August 9, 2020

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'Ghost story' relies on silence, not screams

Light From Light a quiet drama with a subdued message

Grasshopper Films</p><p>Josh Wiggins in Light From Light.</p>

Grasshopper Films

Josh Wiggins in Light From Light.

If you love ghost stories and — perhaps owing to the traumatic life experience of growing up Catholic — especially love ghost stories that have vague religious connotations, you will really love Light from Light, a non-ghost-story ghost story written and directed by Paul Harrill.

The title is taken from the Nicene Creed, a section that refers to Jesus Christ as "God from God, Light from Light," and whose ultimate meaning is up for interpretation, kind of like this film.

Light From Light follows Sheila (Tony nominee Marin Ireland of The Irishman), a part-time paranormal researcher-slash-airport car rental employee who takes on the case of Richard Barnes (Jim Gaffigan, best known for his standup comedy). We learn that Barnes’ wife died in a plane crash, and he believes he is haunted by her ghost.

You’re probably reading this and wondering, well, is he? Is he being haunted by the ghost of his dead wife? Honestly, who can say?

Grasshopper Films</p><p>Atheena Frizzell, left, and Josh Wiggins aren’t boyfriend-girlfriend.</p>

Grasshopper Films

Atheena Frizzell, left, and Josh Wiggins aren’t boyfriend-girlfriend.

Whether or not that ambivalence is OK with you will likely speak to whether or not you’ll enjoy watching this quiet character study.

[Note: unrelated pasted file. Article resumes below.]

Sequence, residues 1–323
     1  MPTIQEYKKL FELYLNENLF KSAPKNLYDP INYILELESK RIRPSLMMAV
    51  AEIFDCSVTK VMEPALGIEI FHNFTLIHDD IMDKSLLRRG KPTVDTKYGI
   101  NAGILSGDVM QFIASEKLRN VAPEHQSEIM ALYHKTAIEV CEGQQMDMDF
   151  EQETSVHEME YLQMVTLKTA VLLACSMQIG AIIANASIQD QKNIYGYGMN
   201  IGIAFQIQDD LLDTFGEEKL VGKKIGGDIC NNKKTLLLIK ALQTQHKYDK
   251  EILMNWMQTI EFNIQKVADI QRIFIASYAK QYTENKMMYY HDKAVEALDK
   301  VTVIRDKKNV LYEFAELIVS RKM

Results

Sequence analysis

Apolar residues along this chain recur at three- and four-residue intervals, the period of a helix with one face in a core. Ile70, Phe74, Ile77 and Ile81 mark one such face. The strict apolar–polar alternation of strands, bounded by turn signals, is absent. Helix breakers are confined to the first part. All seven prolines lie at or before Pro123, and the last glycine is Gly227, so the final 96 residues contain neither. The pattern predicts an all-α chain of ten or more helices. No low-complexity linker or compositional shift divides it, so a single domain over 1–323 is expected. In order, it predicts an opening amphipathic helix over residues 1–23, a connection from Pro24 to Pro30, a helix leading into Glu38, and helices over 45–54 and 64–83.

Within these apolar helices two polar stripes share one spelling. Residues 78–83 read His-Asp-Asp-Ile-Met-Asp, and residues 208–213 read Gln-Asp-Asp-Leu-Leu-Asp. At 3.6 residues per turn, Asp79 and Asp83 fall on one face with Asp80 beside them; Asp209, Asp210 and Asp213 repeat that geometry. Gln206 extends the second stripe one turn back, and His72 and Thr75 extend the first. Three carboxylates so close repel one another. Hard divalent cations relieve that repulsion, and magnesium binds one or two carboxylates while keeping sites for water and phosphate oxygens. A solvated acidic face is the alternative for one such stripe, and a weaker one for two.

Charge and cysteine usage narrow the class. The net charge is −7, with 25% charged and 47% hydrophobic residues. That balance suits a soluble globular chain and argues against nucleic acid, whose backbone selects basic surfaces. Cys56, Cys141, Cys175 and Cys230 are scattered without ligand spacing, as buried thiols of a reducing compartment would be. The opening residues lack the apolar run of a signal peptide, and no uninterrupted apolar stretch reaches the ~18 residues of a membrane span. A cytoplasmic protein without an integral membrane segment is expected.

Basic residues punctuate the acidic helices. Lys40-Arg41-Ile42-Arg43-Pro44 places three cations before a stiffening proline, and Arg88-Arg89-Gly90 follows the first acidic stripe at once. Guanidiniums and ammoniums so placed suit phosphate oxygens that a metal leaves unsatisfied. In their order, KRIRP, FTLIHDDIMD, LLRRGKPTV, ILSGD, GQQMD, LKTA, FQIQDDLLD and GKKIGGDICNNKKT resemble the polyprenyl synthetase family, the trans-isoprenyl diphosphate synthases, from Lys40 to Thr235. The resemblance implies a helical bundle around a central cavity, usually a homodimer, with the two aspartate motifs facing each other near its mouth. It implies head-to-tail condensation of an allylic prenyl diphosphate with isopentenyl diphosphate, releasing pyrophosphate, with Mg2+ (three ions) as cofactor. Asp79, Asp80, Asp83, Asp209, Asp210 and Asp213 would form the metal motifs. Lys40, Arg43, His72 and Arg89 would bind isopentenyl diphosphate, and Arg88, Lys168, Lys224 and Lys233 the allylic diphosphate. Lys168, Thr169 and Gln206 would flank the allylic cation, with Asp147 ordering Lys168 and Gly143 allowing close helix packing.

Besides Sheila and Richard and Richard’s Dead Ghost Wife, there’s also a B-plot involving Sheila’s son Owen (the extremely cute and non-threatening Josh Wiggins) and his friend who is a girl but not his girlfriend, played by Atheena Frizzell.

But that’s about as clear a plot summary as can be devised, because things don’t really happen in Light From Light.

Sure, there’s a dynamic action sequence involving an anaphylactic reaction to a wasp sting and one very slow hike. Yes, at one point, some lights flickered. And near the end, a character reads an excerpt from Anna Karenina.

The rest — the majority — of Light from Light is philosophical conversation, existential crises and a lot of silence.

Grasshopper Films</p><p>Marin Ireland, left, and Jim Gaffigan star in Light From Light, streaming on Cinematheque at Home until June 12.</p>

Grasshopper Films

Marin Ireland, left, and Jim Gaffigan star in Light From Light, streaming on Cinematheque at Home until June 12.

Sheila and Richard seem to know they aren’t dealing with a ghost, but with grief… or do they? Owen isn’t wrestling with a crush, and the question isn’t will they or won’t they, the question is: is it worth it? If everything ends, is anything worth beginning?

As slow as the viewing experience is, it’s engaging and compelling thanks to the strong cast, all of whom give refreshingly specific and precise performances. Ireland is especially good, but that’s no surprise to anyone who has had the chance to see her onstage.

The surprise here is how good all the performances are across the board, and how chaotically balanced and aligned they all are. All four leads display immense restraint in their roles, their feelings indicated by small movements and subtle language cues. If you’re a fan of well-crafted performances, the acting alone in Light From Light is deeply gratifying to witness.

The story, on the other hand, is a little… oblique. It’s a beautiful script that is well-directed — but the point? That’s harder to find.

It’s not dissimilar to watching something like Carnivàle, the gorgeous early HBO series where everything was set up at the slowest possible pace and absolutely nothing ever paid off.

If something like that excites you, and not understanding doesn’t frustrate you, Light From Light might just be your kind of ghost story.

Frances.Koncan@freepress.mb.ca

Twitter: @franceskoncan

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